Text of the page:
A recent study by commercial property specialists VSL & Partners reveals that in the rates revaluation which will come into effect from April 1, 2017 there will be city-centre losers and out-of-town winners, particularly in science parks.
Commercial properties in the UK pay business rates to local authorities which are based on a property’s ‘rateable value’ which, for the 2017 Revaluation, is assessed on the basis of the annual rental value of a property at April 1, 2015. These rental values are normally reviewed at five-yearly intervals and the current 2010 Rating List is based on 2008 rental levels.
As 2008 was just before the collapse of the global banking markets and economic crisis, some feel that business rates today are artificially high and have been looking forward to the correction of the Rating List. As with previous rating revaluations, however, there will be losers as well as winners with the introduction of the 2017 rates.
To enable businesses to prepare for the impact of the 2017 revaluation, VSL & Partners has studied the 2017 draft Rating List to assess how it compares to the current 2010 Rating List and to identify which areas of Oxford will see a hike in business rates and which areas will yield a saving.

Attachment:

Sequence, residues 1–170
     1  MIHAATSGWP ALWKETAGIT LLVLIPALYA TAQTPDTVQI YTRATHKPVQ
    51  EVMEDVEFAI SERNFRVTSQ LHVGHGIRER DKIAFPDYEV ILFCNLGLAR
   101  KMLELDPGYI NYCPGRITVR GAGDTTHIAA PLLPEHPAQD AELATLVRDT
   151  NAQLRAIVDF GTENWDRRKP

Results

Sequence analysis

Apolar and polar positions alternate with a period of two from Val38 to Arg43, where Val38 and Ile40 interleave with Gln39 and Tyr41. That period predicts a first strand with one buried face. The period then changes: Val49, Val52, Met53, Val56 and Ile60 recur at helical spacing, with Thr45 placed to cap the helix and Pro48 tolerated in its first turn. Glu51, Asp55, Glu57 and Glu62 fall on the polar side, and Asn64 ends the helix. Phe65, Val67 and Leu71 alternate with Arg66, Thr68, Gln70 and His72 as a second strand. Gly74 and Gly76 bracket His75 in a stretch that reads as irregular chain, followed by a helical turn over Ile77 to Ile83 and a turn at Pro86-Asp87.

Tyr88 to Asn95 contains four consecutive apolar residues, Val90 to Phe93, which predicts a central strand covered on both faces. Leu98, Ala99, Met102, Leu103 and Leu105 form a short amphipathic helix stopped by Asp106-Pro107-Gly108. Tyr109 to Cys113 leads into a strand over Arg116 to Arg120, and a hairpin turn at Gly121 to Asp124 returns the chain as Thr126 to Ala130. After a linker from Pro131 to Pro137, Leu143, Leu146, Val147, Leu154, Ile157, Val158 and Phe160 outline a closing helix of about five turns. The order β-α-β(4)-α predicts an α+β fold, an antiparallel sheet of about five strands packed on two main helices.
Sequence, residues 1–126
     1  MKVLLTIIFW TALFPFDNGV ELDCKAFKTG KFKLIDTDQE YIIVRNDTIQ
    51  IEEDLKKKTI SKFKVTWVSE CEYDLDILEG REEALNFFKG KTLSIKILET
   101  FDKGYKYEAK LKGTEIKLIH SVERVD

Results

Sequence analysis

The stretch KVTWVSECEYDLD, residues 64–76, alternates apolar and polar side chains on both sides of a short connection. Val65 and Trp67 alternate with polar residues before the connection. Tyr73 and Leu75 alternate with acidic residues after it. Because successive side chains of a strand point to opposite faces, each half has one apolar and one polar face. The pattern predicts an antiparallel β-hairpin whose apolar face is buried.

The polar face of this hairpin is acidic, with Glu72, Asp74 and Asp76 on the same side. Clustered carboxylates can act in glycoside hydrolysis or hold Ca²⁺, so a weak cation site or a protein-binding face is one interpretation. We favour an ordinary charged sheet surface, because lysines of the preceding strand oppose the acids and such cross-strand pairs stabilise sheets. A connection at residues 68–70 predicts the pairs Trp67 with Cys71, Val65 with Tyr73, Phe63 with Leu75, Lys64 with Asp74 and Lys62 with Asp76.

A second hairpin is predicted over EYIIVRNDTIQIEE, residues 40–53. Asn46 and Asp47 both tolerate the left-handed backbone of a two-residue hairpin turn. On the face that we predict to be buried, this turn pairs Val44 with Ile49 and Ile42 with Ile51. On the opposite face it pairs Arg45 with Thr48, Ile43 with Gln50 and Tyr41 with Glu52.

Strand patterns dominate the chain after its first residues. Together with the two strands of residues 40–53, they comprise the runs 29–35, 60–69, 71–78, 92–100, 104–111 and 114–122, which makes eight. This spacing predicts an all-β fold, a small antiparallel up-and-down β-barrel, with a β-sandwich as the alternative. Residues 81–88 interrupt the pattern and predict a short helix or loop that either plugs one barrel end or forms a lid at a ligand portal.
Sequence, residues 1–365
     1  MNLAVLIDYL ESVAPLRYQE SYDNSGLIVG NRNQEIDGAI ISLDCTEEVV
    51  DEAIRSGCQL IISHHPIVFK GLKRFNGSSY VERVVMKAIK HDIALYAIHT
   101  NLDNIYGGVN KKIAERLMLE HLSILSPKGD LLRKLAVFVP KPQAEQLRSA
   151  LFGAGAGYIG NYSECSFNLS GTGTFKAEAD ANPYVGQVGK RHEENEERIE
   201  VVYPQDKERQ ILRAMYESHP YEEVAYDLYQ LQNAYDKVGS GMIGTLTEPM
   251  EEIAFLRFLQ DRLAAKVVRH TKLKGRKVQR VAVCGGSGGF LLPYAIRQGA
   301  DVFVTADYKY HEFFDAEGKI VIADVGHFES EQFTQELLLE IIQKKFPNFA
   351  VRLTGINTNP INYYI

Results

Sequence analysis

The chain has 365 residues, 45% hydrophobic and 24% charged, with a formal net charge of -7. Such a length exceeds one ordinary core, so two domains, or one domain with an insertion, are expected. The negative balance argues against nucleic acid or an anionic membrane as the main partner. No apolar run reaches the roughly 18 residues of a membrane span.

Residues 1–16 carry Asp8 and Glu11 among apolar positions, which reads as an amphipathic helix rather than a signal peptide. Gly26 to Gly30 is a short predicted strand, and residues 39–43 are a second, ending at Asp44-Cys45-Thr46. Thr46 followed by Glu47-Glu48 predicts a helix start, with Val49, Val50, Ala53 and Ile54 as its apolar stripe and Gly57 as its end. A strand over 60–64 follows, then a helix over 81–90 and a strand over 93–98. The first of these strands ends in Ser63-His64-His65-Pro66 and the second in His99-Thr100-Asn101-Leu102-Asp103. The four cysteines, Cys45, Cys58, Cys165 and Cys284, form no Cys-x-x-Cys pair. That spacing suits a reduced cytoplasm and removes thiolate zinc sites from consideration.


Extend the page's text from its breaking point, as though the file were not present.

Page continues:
Andrew Lockhart, director of VSL & Partners, said: “Our investigations show that Rateable Values for both industrial and retail properties have generally increased. The level of increase is most marked in the industrial sector where we have seen rises of up to 23%. This does, however, concur with our view of the industrial rental sector which has seen rents rise from 2008.”
The retail sector has seen rises in Rateable Values of between 8% and 15% in Oxford, which we tend to agree follows the rental market although some areas are suffering more because of the general decline in High-Street trade.
The office sector shows a more mixed picture. Oxford city centre and Botley increase by 10%-15% while edge-of-the-city business and science parks reduce by 14%-16%. This also reflects recent increases in rental level in the city centre which has seen rents rise due to increased demand and a lack of supply.
VSL recommends that all occupiers should check their Rateable Values, remembering that the rates paid are based not on the Rateable Value but on a percentage of the Rateable Value. Matters will be made even more complex by the effect of a transitional phasing scheme.